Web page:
Self care is the idea of taking responsibility for your health, in all areas of your life. For example, there are types of physical, emotional, mental, spiritual and social self care (and more too!).
Most of us think that taking care of ourselves is “selfish” or neglectful of others. This couldn’t be more wrong! Self care is important for your own health and happiness, but also for others around you too. But I get it- we were raised to think that helping others first is noble. And it is, sometimes.
But when it comes at the expense of your own health, then we run into a problem.
You know the popular airline phrase: “put on your own mask before helping others”, right? It totally applies here.
You can’t help others if you’re drowning.
But I also take issue with that phrase a bit.
We don’t need to do self care, only so we have enough to give to others. We need to be taking care of ourselves, because our health matters too.
Self care is a necessity, especially in these current stressful times.
First, you want to check in with what you are currently doing for self care. Are you taking time for yourself at all? Do you even think of it? Are you doing a little bit or a lot? Knowing where you’re starting from (with anything) will direct where you need to go.
Be honest with yourself here too!
Create a comprehensive list of 5-10 things you enjoy doing. If you can’t think of anything, asking others what they do is a good start. Here is what I enjoy: going for walks, meditating, coloring, exercising and cooking.
Planning out when you’ll do these activities is one of the best ways to ensure success. When we just say “I’ll go for a walk today” it’s easy for it to slip our minds. But when we say “I’ll go for a walk after lunch for 20 minutes” we’re more likely to be successful!
Think about what you’ll do daily, weekly or monthly as well. Maybe your plan will look like going for a walk daily, cooking a nice meal once a week and catching up with friends once a month.
Creating a full plan for self care is one of the best ways to ensure success. Do you need to get anything prepared? Maybe booking a class or getting equipment? Often people let the planning and preparation get in their way of actually completing a task. Don’t let that happen to you!
The next step? Execute. Let me tell you right now, if this is new to you, you’ll have resistance to doing whatever you chose to do. Remember I keep saying our brains only job is to keep you safe? Well this is one way it does that, by trying to limit new things because it perceives them as a threat.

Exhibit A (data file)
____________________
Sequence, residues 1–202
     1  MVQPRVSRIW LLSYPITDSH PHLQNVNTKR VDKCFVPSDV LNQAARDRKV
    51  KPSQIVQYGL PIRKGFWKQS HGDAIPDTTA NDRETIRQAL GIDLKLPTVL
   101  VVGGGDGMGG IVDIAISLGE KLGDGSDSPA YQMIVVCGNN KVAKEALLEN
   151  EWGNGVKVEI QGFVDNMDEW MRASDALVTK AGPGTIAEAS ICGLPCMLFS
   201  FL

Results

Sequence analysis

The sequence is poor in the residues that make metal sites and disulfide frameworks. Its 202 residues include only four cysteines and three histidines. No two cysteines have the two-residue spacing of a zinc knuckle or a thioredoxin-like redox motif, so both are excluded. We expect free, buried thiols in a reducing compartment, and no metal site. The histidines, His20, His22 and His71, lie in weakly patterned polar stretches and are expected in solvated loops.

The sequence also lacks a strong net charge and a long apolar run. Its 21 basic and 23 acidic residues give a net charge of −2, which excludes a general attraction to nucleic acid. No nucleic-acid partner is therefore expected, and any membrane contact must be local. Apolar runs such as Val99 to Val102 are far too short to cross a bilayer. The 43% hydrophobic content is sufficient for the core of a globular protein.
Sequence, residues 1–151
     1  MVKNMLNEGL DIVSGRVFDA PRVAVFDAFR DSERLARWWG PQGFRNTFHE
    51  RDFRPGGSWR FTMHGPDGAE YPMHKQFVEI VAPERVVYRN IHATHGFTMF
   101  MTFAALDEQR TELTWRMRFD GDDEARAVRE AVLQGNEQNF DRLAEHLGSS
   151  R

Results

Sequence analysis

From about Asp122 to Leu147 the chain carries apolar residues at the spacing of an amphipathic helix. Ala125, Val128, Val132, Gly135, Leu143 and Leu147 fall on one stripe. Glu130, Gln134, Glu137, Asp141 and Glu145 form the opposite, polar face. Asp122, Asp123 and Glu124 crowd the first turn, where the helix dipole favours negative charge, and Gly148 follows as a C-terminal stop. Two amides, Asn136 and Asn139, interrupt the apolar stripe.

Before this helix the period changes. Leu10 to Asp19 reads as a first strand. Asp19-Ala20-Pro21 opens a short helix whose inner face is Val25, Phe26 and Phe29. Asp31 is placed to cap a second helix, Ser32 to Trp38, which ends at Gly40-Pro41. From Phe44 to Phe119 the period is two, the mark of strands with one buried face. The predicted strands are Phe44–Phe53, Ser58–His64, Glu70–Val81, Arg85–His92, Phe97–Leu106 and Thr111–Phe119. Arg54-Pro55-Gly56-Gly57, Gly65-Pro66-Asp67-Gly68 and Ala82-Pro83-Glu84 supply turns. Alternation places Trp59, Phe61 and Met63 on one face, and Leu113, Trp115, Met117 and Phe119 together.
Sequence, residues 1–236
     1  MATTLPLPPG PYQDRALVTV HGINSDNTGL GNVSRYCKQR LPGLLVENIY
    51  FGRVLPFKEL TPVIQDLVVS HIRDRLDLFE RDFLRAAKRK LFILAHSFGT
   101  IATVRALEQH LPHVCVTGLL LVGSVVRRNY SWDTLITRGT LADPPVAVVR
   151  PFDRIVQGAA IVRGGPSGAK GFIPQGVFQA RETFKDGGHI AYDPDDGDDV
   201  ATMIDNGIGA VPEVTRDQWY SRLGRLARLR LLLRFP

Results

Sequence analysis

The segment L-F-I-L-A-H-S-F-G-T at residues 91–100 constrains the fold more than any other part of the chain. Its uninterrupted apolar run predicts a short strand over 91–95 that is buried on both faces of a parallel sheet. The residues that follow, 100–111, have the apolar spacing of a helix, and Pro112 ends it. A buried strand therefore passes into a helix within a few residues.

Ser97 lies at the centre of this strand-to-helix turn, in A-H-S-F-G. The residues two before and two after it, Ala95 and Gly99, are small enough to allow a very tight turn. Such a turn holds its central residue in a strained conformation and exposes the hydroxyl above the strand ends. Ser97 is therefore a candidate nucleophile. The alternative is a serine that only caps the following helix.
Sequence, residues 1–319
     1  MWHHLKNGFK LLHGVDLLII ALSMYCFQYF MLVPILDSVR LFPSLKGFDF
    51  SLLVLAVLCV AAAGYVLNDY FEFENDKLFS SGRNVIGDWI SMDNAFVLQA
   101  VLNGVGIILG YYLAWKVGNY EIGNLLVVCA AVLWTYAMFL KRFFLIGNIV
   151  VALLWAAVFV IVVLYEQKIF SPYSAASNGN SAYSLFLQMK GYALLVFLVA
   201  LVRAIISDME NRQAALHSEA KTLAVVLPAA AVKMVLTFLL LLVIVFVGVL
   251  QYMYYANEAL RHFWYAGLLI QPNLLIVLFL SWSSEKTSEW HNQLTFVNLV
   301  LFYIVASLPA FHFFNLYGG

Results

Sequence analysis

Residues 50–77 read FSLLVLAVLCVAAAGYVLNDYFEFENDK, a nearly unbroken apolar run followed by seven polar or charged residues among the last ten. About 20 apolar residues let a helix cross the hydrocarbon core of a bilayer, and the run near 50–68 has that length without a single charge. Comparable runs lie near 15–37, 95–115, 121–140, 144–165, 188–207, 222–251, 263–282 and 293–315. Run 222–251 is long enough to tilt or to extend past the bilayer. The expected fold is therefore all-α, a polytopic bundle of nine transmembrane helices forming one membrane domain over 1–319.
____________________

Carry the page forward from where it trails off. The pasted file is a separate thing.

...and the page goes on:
One way of overriding that internal alarm system? Show up anyway.
When we make a commitment to ourselves, show up and complete the activity, we’re signaling to our brain this is safe. It won’t be a one and done thing however, you’ll have to keep overriding the resistance your brain gives you.
As you try out new things and engage in self care activities, keep an open mind. If something isn’t quite working? Change it up. We get so stuck on the idea that we have failed if we need to change something. That can’t be further from the truth! Being flexible with your plan and changing things if needed is self care in itself, not failure.
You’ve made your daily self care plan, which is awesome! But what happens when a crisis hits? Having a plan in mind for those occasions is helpful too. It’s hard to plan fully for a crisis, because we don’t know what’s coming. But having a few ideas handy can be really important.
Maybe you have a certain friend to call, who is good at listening and problem solving. Maybe you read a comforting book or the bible. Just having a few “extra” things in mind for crisis situations can help you feel more in control when it does happen.
Having a self care plan can be so impactful for your health. When we regularly check in and tend to the many areas of our health, it pays off for not only us, but those around us as well. We might even be able to find some relief from our daily symptoms if we’re consistent.
Do you have a self care plan already? Not yet? Let me know in the comments below!